Why DRAM Won’t Go Away


Semiconductor Engineering sat down to talk about DRAM's future with Frank Ferro, senior director of product management at Rambus; Marc Greenberg, group director for product marketing at Cadence; Graham Allan, senior product marketing manager for DDR PHYs at Synopsys; and Tien Shiah, senior manager for memory marketing at Samsung Electronics. What follows are excerpts of that conversation. Part ... » read more

Another Brick Or Two In The Chip Design Wall


Physical challenges come and go in the semiconductor world. But increasingly, they also stick around, showing up in inconvenient places at the worst time. The chip industry has confronted and solved some massive challenges over the years. There was the 1 micron lithography wall, which was supposed to be impenetrable. That was followed by the 193nm litho challenge, which cost many billions of... » read more

Advanced Packaging Options Increase


Designing, integrating and assembling heterogeneous packages from blocks developed at any process node or cost point is proving to be far more difficult than expected, particularly where high performance is one of the main criteria. At least part of the problem is there is a spectrum of choices, which makes it hard to achieve economies of scale. Even where there is momentum for a particular ... » read more

Why Scaling Must Continue


The entire semiconductor industry has come to the realization that the economics of scaling logic are gone. By any metric—price per transistor, price per watt, price per unit area of silicon—the economics are no longer in the plus column. So why continue? The answer is more complicated than it first appears. This isn't just about inertia and continuing to miniaturize what was proven in t... » read more

Semicon West Debrief


AI vs. energy. Quantum for everyone. Biofabrication of human organs on a mass scale. Slowing advancements from Moore’s law. In the midst of a market dip, optimism reigned as keynote and AI Design Forum speakers addressed both looming challenges and explosive market opportunities during July 9-10 presentations at SEMICON West 2019 in San Francisco. SEMICON West again proved to be a magnet f... » read more

Semiconductor’s Dinosaurs


Dinosaurs once ruled this planet. They existed in every shape and form – some large, others tiny. Each adapted to its own specific environment. Some stayed on the land, others went to sea, and yet another group took to the skies. They looked like they were invincible and would be the pinnacle of the food chain. Then a cataclysmic event happened, and dinosaurs went into a fairly rapid decline.... » read more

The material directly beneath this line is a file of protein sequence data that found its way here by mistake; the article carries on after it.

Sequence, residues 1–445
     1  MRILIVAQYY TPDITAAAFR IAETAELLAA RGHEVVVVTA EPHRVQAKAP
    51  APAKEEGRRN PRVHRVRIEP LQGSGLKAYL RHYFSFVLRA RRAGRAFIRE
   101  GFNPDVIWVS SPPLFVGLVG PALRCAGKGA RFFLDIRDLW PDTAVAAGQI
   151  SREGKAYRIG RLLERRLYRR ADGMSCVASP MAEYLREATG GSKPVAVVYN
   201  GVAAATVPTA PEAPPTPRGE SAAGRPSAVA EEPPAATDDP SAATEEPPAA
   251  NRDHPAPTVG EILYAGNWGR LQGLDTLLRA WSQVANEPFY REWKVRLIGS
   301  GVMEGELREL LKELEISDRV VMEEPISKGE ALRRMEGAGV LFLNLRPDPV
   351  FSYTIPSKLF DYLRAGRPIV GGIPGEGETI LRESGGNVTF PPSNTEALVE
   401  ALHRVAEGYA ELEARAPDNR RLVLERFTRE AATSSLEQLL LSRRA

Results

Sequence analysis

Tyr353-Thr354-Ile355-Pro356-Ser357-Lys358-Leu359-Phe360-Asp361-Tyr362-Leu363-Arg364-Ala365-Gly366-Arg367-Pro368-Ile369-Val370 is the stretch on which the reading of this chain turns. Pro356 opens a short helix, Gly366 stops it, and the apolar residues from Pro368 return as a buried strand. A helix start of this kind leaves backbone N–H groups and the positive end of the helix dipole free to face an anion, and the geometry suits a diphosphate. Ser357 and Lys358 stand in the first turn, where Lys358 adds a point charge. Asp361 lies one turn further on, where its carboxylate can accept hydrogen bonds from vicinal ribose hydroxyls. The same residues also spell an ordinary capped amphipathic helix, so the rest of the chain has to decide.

Node Within A Node


Enough margin exists in manufacturing processes to carve out the equivalent of a full node of scaling, but shrinking that margin will require a collective push across the entire semiconductor manufacturing supply chain. Margin is built into manufacturing at various stages to ensure that chips are manufacturable and yield sufficiently. It can include everything from variation in how lines are... » read more

Debate Over Health Of Moore’s Law Continues


Semicon West 2019 was kicked off by the ‘AI Design Forum’ and featured a panel of CEOs that debated if Moore’s Law was still making power, performance and area optimization possible in the same way as it had been. Synopsys chairman and co-CEO Aart de Geus asserted that Moore’s Law is completely alive. “The discussion of Moore's Laws invariably goes back to the ‘65 document, and t... » read more

Security’s Very Strange Path To Success


Security at the chip level appears to be heading toward a more promising future. The reason is simple—more people are willing to pay for security than in the past. For the most part, security is like insurance. You don't know it's working until something goes wrong, and you don't necessarily even know right away if there has been a breach. Sometimes it takes years to show up, because it ca... » read more

Rethinking What Goes On A Chip


There are hints across the chip industry that chipmakers are beginning to reexamine one of the basic concepts of chip design. For more than 50 years, progress in semiconductors was measured by the ability to double the density of transistors on a piece of silicon. While that approach continues to be useful, the power and performance benefits have been dwindling for the past couple of nodes. ... » read more

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